6. Bad luck on the iPhoto crash. I have to admit being attacked by a robotic helicopter is a rather peculiar start to any story.

  7. Bad luck on the iPhoto crash. I have to admit being attacked by a robotic helicopter is a rather peculiar start to any story.

  8. We have the same issues getting cartoons out of places like India, where even very poor people have cell phones but computers are relatively scarce.

    I’ve talked to cartoonists in South Africa who are willing to gather up cartoons from other parts of the continent via postal carrier and then upload them. I’m sure that photographers could do something similar.

    The Peace Corps might be helpful for this, because they do like to provide their volunteers with Internet access and they are all over Africa. But then, they would likely have to edit the photos that get through. I’m not sure how much they can stick their necks out.

  9. We have the same issues getting cartoons out of places like India, where even very poor people have cell phones but computers are relatively scarce.

    I’ve talked to cartoonists in South Africa who are willing to gather up cartoons from other parts of the continent via postal carrier and then upload them. I’m sure that photographers could do something similar.

    The Peace Corps might be helpful for this, because they do like to provide their volunteers with Internet access and they are all over Africa. But then, they would likely have to edit the photos that get through. I’m not sure how much they can stick their necks out.

  10. Robert, your photos are fantastic. Can’t wait to see everyone else’s. Thanks to everyone for coming out, I had a great time.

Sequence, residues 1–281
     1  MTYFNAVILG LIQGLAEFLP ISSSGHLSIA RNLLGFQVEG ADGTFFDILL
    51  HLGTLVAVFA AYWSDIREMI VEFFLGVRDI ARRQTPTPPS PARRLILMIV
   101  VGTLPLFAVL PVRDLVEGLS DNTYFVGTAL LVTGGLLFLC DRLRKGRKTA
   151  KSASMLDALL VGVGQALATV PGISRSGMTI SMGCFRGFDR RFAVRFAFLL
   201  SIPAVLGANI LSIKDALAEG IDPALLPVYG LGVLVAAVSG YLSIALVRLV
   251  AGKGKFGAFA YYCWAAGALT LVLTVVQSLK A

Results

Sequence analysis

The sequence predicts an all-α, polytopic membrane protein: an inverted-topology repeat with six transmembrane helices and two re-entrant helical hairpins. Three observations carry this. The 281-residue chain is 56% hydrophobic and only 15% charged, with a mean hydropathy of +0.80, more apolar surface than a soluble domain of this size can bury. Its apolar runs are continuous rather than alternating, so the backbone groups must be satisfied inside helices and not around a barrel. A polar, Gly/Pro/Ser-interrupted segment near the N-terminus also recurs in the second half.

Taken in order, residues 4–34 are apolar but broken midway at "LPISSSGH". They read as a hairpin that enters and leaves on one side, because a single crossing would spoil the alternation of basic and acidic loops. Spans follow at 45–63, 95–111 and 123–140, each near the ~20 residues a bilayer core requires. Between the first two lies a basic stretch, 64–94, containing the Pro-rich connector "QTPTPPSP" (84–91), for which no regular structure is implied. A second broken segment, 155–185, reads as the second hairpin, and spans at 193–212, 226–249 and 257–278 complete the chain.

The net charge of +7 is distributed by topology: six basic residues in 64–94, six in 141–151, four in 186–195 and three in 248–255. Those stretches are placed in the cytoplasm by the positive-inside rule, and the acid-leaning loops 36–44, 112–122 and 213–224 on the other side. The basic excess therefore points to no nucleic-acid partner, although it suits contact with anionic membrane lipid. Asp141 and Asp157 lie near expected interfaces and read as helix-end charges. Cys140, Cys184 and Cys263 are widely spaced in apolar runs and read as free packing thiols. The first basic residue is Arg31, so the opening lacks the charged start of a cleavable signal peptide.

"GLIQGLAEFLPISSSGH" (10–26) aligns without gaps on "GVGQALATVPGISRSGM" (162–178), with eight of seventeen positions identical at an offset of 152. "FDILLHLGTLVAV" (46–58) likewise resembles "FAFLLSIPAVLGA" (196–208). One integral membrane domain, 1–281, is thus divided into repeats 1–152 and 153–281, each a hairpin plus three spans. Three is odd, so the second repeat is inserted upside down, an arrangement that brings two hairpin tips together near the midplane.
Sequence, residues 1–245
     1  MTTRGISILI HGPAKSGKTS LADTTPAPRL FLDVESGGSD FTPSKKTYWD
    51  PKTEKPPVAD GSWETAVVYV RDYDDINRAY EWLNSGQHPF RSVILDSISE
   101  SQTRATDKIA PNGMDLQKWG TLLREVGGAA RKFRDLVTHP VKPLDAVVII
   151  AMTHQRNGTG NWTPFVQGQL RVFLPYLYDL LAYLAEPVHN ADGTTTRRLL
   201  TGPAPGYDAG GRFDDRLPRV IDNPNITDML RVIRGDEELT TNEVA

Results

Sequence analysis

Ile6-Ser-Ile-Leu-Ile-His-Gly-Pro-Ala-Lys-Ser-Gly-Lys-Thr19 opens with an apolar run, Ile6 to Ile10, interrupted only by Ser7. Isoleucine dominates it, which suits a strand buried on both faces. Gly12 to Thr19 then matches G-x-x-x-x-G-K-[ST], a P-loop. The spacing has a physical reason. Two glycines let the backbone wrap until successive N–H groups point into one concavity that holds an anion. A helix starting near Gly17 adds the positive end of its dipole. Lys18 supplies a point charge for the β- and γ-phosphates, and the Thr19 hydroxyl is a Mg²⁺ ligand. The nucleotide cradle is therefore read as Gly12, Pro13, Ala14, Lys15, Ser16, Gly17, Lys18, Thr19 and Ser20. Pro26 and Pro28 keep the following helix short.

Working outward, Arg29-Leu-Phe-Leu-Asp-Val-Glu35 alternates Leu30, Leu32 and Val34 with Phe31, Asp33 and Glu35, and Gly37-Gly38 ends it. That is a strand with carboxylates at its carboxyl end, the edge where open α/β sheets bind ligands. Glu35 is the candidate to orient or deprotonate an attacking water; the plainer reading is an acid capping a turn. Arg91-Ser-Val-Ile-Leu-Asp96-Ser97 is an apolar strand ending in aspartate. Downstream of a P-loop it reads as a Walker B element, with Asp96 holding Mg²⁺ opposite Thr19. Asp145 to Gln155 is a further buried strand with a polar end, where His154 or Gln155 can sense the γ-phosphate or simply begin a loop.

Thanks especially to all the kind folks around Stanford who welcomed the photowalkers with open arms. A big shout out to Gabe Hoffmann and the other students from Stanford’s Hybrid System’s Lab for demoing their Scoble-seeking helicopters, Mark Gonnerman at the Aurora Forum for putting on the National Geographic All Roads panel, the docents at the Cantor Art Center for educating us on outdoor sculpture, and Cliff Harris for introducing us to the Clark Center and Stanford’s Initiative on Human Health. And of course, a special thanks to my lovely wife Kim and baby girl Elise (the smallest photowalker) for taking care of all the details I’m so good at forgetting (like plates for pizza, drinks, and maps).

    BTW, there was more than enough money collected for pizza, so I’ll be donating the extra to the Cantor Center :)

  11. Robert, your photos are fantastic. Can’t wait to see everyone else’s. Thanks to everyone for coming out, I had a great time.

    Thanks especially to all the kind folks around Stanford who welcomed the photowalkers with open arms. A big shout out to Gabe Hoffmann and the other students from Stanford’s Hybrid System’s Lab for demoing their Scoble-seeking helicopters, Mark Gonnerman at the Aurora Forum for putting on the National Geographic All Roads panel, the docents at the Cantor Art Center for educating us on outdoor sculpture, and Cliff Harris for introducing us to the Clark Center and Stanford’s Initiative on Human Health. And of course, a special thanks to my lovely wife Kim and baby girl Elise (the smallest photowalker) for taking care of all the details I’m so good at forgetting (like plates for pizza, drinks, and maps).

    BTW, there was more than enough money collected for pizza, so I’ll be donating the extra to the Cantor Center :)

  12. Anyone know where I can find a transcript of that panel? I thought on the whole it was constructive, but I didn’t really understand some of the responses during the Q&A session. At times it seemed like they ignored the questions entirely and instead used the opportunity to grind their ax.

    I’d really like to review the transcript to make sure I didn’t just miss something.

  13. Anyone know where I can find a transcript of that panel? I thought on the whole it was constructive, but I didn’t really understand some of the responses during the Q&A session. At times it seemed like they ignored the questions entirely and instead used the opportunity to grind their ax.

    I’d really like to review the transcript to make sure I didn’t just miss something.